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Laura Babb

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Photography and In-between Moments

Posted: 26/07/2013 00:00

Photography Mindfulness

Like any photographer, the way that I see the world and photograph it is a constantly evolving thing. I have been thinking more and more recently about the sort of photographer I want to be.

Am I a photographer that entirely creates and constructs their own vision of the world? Am I a photographer who purely documents without directing? Am I something in between?

My paid photography work is mostly wedding photography.

A wedding day is arguably one of the most significant events in a person's life and it's an honour to be a part of that. It's also fascinating to be in a position to document it. The day is usually fast paced and emotional. There are key moments that I know I need to capture; walking up the aisle, the first kiss, the first dance, and there are key people that I know the couple will want pictures of.

In some ways, these major milestones that happen through out the course of the wedding day are interchangeable. The faces change but the format and structure are similar. People get ready, get married, have a drinks reception, have dinner and then party.

If you took just one key picture of each of these sections of the day, you'd have a concise record but it wouldn't tell you anything about the story of those two people who are coming together, their friends and their family.

The more and more I think about it, the more I know that it's the story telling aspect of being a photographer that interests me and not just the story that makes up the key events of the wedding day, but the little stories. The seemingly insignificant. The things that will be forgotten if they're not recorded. What was happening in-between.

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It's easy to view the wedding day as though it exists in isolation. We all become better versions of ourselves for a day. We have all of the people we care about in one room. We are riding high on a wave of emotion. But what about everything that came before and everything that will come after? Where does that fit in to the story?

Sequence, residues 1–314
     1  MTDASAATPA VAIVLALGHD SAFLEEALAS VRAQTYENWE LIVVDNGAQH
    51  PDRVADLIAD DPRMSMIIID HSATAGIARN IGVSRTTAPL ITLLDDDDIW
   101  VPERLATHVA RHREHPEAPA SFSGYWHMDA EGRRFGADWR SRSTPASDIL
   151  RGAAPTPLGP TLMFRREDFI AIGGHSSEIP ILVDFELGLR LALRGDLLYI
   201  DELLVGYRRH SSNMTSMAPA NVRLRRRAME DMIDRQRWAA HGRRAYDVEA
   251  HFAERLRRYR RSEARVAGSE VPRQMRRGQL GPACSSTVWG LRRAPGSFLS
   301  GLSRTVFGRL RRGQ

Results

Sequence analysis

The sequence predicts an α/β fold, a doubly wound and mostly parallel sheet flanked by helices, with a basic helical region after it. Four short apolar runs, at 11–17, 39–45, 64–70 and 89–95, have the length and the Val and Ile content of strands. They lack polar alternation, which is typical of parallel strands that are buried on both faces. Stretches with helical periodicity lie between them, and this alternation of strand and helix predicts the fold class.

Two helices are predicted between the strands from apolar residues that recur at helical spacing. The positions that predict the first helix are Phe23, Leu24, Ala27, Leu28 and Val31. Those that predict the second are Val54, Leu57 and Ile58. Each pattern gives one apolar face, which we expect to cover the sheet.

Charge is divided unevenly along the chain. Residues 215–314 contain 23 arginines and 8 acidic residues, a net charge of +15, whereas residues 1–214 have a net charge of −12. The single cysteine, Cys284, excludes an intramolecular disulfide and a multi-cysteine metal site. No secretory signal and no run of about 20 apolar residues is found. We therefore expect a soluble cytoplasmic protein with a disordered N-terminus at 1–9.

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When I first started photographing weddings, I spent a long time looking at other photographers' work and wishing I could recreate their beautiful, editorial style. Some photographers make every wedding look as though it's come straight from the pages of a high end lifestyle magazine. Like real life but more glossy. And then I realised that's not me.

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Of course I want to find and photograph the beauty in the wedding day, but I also want to photograph what's real. The whole story rather than a carefully constructed, highly polished version of it. The laughter, the tears, the key parts of the day but also the little, unassuming in-between moments.

In a way in-between is padding. They are moments that book-end significant events. In day to day life, what you ate for breakfast isn't important but on your wedding day it's part of the scenery and I especially love it with real life creeps in. People getting ready at home, wearing their favourite slippers. Surrounded by pictures they've taken or books they've bought. The comfort of their familiar.

Here's to the in-between. The significantly insignificant. The backbone of any story.

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